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Monday, September 12, 2005

Got your tape recorder ready? Get this.

Just a little FYI concerning taping conversations, whether phone or in-person.  If you are NOT associated with law enforcement, “one-party consent” is the rule in 38 states and the District of Columbia. Twelve states require all parties to a conversation to give their consent to taping.  Google the requirements for your situation to be sure, but here’s a rough outline from The Reporters Committee for Freedom of the Press. (Yeh, I think “reporters” in the site’s title ought to be “reporters’ ” but who am I to correct the usage of so august a group?  Heh)


Alabama - One Party
Alaska - One Party
Arkansas - One Party
California - All Party
Colorado - One Party
Connecticut - All Party
Delaware - All Party
District of Columbia - One Party
Florida - All Party
Georgia - One Party
Hawaii - One Party
Idaho - One Party
Illinois - All Party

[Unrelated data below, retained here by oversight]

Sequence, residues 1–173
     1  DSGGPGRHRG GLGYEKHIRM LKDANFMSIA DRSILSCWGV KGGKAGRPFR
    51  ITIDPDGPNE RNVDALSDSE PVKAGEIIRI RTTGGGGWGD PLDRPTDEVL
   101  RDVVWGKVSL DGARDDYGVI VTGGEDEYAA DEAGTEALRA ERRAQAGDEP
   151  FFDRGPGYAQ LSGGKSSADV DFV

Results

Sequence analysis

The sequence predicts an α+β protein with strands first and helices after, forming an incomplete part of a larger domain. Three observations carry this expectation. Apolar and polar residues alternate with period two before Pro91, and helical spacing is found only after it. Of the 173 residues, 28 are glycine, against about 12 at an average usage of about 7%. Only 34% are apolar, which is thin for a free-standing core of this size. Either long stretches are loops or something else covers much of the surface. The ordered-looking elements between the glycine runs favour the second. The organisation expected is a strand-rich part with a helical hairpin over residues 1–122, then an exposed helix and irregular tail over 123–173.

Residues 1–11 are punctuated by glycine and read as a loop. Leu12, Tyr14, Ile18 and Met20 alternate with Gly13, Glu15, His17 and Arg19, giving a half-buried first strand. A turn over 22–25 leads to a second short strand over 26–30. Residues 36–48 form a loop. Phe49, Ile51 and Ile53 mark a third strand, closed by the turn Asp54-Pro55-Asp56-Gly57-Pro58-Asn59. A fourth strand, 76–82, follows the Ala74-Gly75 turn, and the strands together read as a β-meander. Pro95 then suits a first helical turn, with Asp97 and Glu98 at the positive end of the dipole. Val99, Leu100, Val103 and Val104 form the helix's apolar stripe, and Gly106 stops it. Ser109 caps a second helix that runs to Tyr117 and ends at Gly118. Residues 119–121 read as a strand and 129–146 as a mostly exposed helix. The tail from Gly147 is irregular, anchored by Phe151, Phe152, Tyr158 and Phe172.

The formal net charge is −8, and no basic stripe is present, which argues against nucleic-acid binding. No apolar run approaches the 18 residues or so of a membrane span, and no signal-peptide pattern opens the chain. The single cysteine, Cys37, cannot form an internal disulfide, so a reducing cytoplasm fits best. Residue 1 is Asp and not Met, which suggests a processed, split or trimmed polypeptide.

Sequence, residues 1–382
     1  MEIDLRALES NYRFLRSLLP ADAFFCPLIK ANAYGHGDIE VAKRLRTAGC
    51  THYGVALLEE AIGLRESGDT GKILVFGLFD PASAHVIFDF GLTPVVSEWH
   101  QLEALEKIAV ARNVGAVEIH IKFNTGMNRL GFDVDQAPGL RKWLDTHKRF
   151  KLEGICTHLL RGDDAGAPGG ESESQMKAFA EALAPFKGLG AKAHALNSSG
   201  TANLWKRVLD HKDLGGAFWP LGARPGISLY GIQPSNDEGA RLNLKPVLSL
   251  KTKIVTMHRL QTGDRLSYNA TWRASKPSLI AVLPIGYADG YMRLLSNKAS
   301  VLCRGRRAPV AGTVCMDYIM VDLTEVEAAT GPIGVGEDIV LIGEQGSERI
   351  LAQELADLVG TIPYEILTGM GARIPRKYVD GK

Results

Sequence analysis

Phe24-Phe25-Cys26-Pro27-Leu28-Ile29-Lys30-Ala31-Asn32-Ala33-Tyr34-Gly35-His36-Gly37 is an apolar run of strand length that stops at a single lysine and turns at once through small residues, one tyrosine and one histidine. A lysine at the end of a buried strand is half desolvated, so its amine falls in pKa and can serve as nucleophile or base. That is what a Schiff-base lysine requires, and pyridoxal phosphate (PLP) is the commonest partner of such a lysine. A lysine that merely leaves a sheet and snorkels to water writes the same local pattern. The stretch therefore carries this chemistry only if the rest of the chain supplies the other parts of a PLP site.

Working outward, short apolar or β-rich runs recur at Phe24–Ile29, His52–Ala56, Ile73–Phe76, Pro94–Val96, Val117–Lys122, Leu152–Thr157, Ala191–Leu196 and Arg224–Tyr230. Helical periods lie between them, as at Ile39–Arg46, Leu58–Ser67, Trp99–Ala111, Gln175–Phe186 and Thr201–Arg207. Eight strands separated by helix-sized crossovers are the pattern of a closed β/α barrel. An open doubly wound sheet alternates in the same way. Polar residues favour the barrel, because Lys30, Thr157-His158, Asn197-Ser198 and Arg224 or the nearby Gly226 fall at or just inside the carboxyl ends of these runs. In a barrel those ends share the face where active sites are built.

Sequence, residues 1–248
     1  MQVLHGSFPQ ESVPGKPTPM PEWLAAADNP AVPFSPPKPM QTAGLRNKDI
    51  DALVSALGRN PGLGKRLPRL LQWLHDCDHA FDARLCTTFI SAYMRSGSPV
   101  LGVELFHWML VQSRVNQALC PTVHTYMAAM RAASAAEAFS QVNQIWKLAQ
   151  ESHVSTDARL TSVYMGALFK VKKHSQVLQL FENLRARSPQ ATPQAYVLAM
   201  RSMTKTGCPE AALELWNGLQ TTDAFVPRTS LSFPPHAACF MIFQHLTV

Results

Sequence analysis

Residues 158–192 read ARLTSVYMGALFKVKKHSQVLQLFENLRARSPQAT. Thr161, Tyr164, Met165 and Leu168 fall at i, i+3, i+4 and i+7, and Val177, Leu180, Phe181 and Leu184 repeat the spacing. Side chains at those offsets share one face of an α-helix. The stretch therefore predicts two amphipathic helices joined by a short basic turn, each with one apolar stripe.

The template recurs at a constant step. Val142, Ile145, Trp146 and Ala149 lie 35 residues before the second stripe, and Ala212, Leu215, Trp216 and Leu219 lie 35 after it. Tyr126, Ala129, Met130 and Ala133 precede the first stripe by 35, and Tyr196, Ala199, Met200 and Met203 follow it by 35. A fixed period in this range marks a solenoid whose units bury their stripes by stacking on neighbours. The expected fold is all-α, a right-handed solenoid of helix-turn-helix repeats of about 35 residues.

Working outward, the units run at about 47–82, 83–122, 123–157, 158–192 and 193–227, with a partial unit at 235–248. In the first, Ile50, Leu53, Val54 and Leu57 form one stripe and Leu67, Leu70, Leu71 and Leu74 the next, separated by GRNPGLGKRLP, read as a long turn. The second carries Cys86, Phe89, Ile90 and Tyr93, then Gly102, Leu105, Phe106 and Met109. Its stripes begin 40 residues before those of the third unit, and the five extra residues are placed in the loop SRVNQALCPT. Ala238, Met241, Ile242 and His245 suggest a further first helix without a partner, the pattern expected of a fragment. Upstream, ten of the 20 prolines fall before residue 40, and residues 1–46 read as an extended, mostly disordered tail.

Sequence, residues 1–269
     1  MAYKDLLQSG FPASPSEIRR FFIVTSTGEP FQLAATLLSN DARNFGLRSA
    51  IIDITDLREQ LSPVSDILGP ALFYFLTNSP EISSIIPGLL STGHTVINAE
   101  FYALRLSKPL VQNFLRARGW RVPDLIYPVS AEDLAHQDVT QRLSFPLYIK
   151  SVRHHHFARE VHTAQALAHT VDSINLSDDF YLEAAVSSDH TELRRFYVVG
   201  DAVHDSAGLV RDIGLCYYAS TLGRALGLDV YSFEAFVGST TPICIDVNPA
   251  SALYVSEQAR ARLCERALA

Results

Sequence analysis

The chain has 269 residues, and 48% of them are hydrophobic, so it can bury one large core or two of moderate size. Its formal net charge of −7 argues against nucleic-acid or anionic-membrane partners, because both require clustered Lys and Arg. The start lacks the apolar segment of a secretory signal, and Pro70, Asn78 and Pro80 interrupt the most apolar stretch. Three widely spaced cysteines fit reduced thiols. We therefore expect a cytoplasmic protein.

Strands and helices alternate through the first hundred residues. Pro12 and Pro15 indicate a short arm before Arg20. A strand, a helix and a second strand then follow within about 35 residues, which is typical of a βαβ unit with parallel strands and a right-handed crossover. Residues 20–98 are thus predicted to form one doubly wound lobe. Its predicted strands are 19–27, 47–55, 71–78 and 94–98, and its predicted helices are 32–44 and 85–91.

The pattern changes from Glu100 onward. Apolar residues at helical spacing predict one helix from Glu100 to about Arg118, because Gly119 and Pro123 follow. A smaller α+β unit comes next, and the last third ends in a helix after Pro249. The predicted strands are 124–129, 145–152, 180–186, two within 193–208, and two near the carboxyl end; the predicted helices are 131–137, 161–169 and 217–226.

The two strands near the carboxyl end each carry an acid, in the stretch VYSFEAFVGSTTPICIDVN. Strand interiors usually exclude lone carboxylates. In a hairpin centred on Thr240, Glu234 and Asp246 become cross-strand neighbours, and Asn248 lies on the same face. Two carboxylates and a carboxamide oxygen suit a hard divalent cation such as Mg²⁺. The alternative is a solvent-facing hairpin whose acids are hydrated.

Indiana - One Party
Iowa - One Party
Kansas - One Party
Kentucky - One Party
Louisiana - One Party
Maine - One Party
Maryland - All Party
Massachusetts - All Party
Michigan - All Party
Minnesota - One Party
Mississippi - One Party
Missouri - One Party
Montana - All Party
Nebraska - One Party
Nevada - One Party
New Hampshire - All Party
New Jersey - One Party
New Mexico - One Party
New York - One Party
North Carolina - One Party
North Dakota - One Party
Ohio - One Party
Oklahoma - One Party
Oregon - One Party
Pennsylvania - All Party
Rhode Island - One Party
South Carolina - One Party
South Dakota - One Party
Tennessee - One Party
Texas - One Party
Utah - One Party
Vermont - One Party
Virginia - One Party
Washington - All Party
West Virginia - One Party
Wisconsin - One Party
Wyoming - One  Party

"Regardless of the state, it is almost always illegal to record a conversation to which you are not a party, do not have consent to tape, and could not naturally overhear."